I've had a similar issue with the wordless picture book FOX AND HEN TOGETHER. Everyone in the world, except for me, loves this book. It has received starred reviews from many reviewers. There are sequels and fans everywhere. But the book disturbs me. I can't get over the idea that Hen is kidnapped by a "bad guy" and then somehow stays there to live happily ever after. For any 80s General Hospital fans out there, you may remember a similar storyline when Luke and Laura fell in love. I just can't get past that connection no matter how many times I've revisited the book. I get sad every time. But, others' insights have helped me understand a bit of what I missed on my own. Again, the importance of that community of readers.
Sometimes a book is meant to be just plain fun.
Kids at school have been talking about I WANT MY HAT BACK and I've shared some of my conversations around the book with a few classes. When I mentioned that some people really felt sorry for the rabbit, the looks on their faces were of pure sadness for that reader. They looked at me with eyes that said, "It was just a funny book, Mrs. Sibberson." I don't think this is one of those books that will change the way they live their lives. I think they get that this book is just silly and they love that. I've already heard adults saying things like, "Oh, I can use this book in my inferring unit." Sometimes as a teacher, we forget that some books are just really about joy and fun. This book was a big reminder to me about that.
Rethinking Book Crafts....
I don't like crafts around books. I am all about deep reading and thoughtful response. But who would not want to make a red pointy hat with rabbit (or bear) ears sticking out? Wearing one would be such a fun reminder of the book. A literary joke all day long.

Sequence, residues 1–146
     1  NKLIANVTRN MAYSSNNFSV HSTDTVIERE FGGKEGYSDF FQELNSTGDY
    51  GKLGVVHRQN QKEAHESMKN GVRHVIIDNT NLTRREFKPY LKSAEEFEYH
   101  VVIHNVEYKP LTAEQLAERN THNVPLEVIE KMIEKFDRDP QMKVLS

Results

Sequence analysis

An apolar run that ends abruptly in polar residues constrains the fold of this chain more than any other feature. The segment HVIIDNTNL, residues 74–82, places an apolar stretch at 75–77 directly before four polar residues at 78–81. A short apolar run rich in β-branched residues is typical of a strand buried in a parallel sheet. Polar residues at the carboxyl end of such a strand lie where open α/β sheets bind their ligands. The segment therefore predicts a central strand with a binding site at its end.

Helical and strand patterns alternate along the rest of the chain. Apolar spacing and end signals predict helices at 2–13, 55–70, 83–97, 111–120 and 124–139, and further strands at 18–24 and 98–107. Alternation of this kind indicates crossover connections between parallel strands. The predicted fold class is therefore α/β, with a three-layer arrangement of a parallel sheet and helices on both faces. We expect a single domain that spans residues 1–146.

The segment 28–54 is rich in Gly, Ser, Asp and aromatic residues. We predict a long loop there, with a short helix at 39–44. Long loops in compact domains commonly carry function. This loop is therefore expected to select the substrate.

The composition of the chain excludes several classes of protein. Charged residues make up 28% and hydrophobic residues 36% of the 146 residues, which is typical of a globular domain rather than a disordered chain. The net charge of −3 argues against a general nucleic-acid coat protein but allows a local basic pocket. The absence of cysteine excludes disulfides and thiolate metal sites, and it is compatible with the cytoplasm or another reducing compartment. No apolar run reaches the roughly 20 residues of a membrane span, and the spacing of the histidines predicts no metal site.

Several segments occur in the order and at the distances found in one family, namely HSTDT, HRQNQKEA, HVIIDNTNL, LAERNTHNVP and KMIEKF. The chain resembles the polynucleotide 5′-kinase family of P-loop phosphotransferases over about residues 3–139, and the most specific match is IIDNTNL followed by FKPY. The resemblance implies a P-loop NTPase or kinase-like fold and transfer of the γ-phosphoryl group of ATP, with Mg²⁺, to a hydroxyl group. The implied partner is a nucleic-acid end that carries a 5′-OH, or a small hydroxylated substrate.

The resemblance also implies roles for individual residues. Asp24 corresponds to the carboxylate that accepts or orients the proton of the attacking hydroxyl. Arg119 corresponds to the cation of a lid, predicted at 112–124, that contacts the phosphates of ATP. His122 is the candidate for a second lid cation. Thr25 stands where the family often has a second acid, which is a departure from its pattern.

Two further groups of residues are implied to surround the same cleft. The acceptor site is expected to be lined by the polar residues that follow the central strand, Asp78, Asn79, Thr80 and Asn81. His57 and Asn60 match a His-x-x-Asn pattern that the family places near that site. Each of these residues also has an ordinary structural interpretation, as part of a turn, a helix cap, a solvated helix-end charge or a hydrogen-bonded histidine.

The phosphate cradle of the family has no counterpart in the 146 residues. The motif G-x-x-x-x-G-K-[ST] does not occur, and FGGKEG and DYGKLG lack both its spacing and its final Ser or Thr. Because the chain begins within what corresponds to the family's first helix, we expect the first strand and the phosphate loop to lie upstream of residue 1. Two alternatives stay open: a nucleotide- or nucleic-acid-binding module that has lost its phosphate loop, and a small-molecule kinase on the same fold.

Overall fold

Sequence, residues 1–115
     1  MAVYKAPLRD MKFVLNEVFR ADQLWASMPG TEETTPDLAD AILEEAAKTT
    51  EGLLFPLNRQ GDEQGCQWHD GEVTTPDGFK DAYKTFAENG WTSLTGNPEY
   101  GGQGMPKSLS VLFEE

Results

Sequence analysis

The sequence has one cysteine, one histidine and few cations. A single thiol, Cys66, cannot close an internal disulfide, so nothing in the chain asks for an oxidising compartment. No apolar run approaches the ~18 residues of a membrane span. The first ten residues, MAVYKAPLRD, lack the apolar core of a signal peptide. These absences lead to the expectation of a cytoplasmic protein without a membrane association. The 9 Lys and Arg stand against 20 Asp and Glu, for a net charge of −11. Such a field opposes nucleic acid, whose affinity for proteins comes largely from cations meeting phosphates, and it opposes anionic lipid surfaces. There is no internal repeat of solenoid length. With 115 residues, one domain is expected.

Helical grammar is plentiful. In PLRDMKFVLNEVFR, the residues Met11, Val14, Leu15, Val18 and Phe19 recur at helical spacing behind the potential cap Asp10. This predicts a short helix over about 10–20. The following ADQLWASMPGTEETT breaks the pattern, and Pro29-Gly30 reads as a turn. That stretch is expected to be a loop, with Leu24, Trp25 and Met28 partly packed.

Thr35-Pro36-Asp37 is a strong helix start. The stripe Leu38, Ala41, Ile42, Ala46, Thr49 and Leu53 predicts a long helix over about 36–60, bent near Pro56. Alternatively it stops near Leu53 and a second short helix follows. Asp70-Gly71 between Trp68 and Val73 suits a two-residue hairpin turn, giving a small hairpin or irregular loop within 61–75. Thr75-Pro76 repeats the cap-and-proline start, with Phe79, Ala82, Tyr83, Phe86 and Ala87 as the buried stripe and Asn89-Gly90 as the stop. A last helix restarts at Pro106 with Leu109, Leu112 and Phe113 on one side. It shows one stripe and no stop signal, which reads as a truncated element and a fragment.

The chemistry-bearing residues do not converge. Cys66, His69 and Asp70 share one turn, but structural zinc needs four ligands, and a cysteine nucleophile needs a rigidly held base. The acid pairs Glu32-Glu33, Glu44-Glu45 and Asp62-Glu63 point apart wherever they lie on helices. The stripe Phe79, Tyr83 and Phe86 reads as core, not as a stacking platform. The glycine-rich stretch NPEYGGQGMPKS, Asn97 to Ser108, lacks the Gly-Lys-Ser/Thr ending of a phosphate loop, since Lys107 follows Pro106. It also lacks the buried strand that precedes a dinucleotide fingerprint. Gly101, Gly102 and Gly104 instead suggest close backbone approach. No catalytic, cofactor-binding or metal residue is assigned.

In terms of other crafts, I agree wholeheartedly with Lucy Calkins when she says she has never finished a book and had the desire to go make a diorama when she was finished. I have used her words over and over. But really, if someone asked me to make a diorama or a board game to go along with I WANT MY HAT BACK, I am thinking it would be fun. I already have ideas.
And, I never got past page 60 in the Twilight series. So I never understood the shirts. TEAM EDWARD/TEAM JACOB. Seeing them in stores and on teens never made much sense to me. I didn't get it. But I am thinking I would LOVE to wear a TEAM BEAR shirt. Lots of others would too. Until then, I am happy to have a #teambear twibbon on my Twitter photo. If you have not already done so, you may want to hop over to Twibbon and support #teambear. (Thanks, Teresa! @trkravtin) Really, there is only one person I know of who is on the fence about #teambear.
I still don't think we should ever assign crazy book extensions and I don't really think they help students understand books much better. But I do think there is something about literary jokes that we don't embrace enough in schools. School is a great place for literary humor that kids can be part of.
How Our Thinking About a Book Changes When We Share it with Kids
Some books just beg to be read aloud and some books cannot be fully appreciated until they are shared with young children. I remember when DON'T LET THE PIGEON DRIVE THE BUS won the Caldecott Honor, some people didn't see the brilliance. I remember asking, "Have you read it to young children?" Mo Willems understands young children so well that every one of his books is fun to read aloud. Although I love them as much as the kids, Willems books beg to be shared with kids. I have had this experience over and over--a book I read on my own is merely OK, but it moves up to my favorites list once I share it with kids. Authors of kids books know young children well. And sometimes it takes sharing some of these books with children to see the brilliance.
So, it's been a fun week or two thinking about I WANT MY HAT BACK with Twitter friends. I imagine the fun will continue for a while. It is definitely one of my favorite picture books of the year for so many reasons.